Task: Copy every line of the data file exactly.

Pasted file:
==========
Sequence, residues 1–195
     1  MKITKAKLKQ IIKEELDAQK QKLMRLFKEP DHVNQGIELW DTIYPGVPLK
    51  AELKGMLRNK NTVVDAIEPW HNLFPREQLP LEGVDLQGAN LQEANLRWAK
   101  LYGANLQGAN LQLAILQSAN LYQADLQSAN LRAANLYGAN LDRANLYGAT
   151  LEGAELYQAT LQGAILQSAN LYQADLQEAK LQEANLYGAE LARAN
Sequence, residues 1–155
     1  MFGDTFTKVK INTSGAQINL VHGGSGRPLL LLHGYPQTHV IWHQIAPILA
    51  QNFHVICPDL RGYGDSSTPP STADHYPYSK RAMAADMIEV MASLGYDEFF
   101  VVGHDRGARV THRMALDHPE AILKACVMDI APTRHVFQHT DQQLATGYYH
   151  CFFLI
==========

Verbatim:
Sequence, residues 1–195
     1  MKITKAKLKQ IIKEELDAQK QKLMRLFKEP DHVNQGIELW DTIYPGVPLK
    51  AELKGMLRNK NTVVDAIEPW HNLFPREQLP LEGVDLQGAN LQEANLRWAK
   101  LYGANLQGAN LQLAILQSAN LYQADLQSAN LRAANLYGAN LDRANLYGAT
   151  LEGAELYQAT LQGAILQSAN LYQADLQEAK LQEANLYGAE LARAN
Sequence, residues 1–155
     1  MFGDTFTKVK INTSGAQINL VHGGSGRPLL LLHGYPQTHV IWHQIAPILA
    51  QNFHVICPDL RGYGDSSTPP STADHYPYSK RAMAADMIEV MASLGYDEFF
   101  VVGHDRGARV THRMALDHPE AILKACVMDI APTRHVFQHT DQQLATGYYH
   151  CFFLI